Old habits hard to break
CRCA CRICKET: Peculiar habits and idiosyncrasies are commonplace on the cricket pitch, whether it be the constant fidgeting of Steve Smith, repetitively readjusting protective gear like Ian Chappell or, in the case of Steve Waugh, a red handkerchief in the pocket.
Those who have played with Tucabia-Copmanhurst all-rounder Chris Adamson know he, too, has his own unique traits.
Whenever the right handed batsman comes to the crease to start his innings, he marks his centre guard by hammering in the leg bail into the pitch with the top of the bat - a method most famously utilised by West Indian Shivnarine Chanderpaul.
Most players grind a straight line with their boot spikes.
"I picked that up from Greg Watkins many years ago," Adamson said.
"It makes it a lot easier. When there's so many scratches around the crease, you know it's your mark.
"You've only got to watch (teammate) Matthew Pigg. If he gets into a zone and he's set, he will just scratch away at that mark every ball. If I can see that hole in the wicket, I know where my mark is.
"I don't think it's a superstition as such, just a habit I've got, like when I call out 'bowling' all the time."
And yes, he certainly does. When teams come up against Adamson, opposition bowlers receive instant appraisal for their good work - from the batsman himself.
"I can't explain it," he said. "It's just some silly habit I got into that's very hard to break.
"When you get out to a ball that you've said that to it makes it more ridiculous.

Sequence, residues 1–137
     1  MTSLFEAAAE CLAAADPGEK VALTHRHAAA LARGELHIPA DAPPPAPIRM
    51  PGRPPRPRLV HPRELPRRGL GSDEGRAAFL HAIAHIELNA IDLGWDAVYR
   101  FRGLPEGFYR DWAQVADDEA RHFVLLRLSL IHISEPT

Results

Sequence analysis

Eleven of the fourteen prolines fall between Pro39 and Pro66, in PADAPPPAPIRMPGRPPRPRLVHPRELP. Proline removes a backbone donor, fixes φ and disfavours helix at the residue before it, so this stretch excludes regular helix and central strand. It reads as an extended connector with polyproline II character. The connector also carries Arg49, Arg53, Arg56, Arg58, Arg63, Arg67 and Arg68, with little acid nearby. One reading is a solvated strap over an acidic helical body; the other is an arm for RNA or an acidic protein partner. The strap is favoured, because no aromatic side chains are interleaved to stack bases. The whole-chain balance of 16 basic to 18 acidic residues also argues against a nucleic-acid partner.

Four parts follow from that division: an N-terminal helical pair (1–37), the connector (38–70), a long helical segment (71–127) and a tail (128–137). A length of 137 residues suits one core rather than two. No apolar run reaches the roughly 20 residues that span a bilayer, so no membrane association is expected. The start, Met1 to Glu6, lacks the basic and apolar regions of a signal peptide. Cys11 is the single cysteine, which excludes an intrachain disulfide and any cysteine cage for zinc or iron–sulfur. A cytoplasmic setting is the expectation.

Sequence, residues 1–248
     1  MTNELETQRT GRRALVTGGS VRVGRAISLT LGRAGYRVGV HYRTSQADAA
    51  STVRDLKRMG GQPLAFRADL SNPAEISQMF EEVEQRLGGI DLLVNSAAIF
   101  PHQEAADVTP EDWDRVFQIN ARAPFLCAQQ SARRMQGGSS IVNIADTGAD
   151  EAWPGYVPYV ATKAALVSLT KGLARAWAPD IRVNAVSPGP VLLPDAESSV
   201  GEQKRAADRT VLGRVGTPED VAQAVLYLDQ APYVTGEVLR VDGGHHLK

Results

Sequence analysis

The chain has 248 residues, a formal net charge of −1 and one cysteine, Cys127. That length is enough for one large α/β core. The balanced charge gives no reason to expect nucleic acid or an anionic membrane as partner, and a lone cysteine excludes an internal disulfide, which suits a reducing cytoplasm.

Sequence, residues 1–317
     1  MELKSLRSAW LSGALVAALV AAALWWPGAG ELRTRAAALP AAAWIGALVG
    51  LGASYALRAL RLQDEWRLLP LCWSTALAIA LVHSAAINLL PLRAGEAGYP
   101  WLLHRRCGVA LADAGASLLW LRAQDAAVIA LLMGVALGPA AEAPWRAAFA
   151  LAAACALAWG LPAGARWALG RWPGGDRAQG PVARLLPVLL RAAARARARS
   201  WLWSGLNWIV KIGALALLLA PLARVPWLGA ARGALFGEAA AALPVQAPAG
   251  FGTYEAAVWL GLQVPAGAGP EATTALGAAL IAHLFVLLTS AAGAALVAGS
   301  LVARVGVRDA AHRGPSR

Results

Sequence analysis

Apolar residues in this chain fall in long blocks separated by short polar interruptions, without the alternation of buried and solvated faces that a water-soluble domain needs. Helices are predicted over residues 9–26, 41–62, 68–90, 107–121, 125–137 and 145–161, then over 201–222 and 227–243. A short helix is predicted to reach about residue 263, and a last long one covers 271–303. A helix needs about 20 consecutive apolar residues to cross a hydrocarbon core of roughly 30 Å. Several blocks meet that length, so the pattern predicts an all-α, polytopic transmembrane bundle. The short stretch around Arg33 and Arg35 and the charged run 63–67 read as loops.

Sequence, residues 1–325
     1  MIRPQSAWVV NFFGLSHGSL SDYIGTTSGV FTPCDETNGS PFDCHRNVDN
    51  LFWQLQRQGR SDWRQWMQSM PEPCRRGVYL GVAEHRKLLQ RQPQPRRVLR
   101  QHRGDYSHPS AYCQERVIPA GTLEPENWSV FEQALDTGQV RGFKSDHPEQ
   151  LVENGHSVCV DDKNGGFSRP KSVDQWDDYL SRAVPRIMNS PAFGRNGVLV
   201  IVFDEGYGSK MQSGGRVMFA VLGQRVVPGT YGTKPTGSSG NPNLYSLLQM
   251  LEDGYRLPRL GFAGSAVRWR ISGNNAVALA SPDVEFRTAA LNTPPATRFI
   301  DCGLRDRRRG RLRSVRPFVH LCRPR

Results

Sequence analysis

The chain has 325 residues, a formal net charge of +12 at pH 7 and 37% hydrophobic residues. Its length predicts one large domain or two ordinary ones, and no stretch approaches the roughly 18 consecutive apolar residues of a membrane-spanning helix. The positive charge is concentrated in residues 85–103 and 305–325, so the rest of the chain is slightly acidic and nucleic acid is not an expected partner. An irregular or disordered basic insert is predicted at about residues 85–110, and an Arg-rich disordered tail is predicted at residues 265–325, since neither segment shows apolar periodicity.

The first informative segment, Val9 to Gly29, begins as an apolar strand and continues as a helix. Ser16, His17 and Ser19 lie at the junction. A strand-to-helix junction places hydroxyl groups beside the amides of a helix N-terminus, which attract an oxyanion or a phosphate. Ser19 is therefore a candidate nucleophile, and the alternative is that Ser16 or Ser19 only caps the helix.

"If I pick up that it's a ball I'm not going to score off and will need to keep out, it just comes out."
Adamson will be hoping to blurt out 'bowling' many times today and help his side post a competitive total against Harwood at Ulmarra Showground. Likewise, he'll be hoping for the sentiment to be returned with ball in hand.
"Our bowlers have got to take early wickets," he said. "We can't just rely on Brad Chard to get all the wickets, myself included.
Tucabia is guaranteed a place in the finals, barring the unlikely scenario of losing to Harwood coupled with South Services and Coutts Crossing either drawing or finishing in a tie. But according to Adamson that does not diminish the importance of the match.
"Most previous years we've got ourselves on winning notes leading into the finals. But this year it's a little different and we've had to work hard for our wins.
"We're under no illusion we've got to perform this week if we're to have any confidence or momentum going into the finals."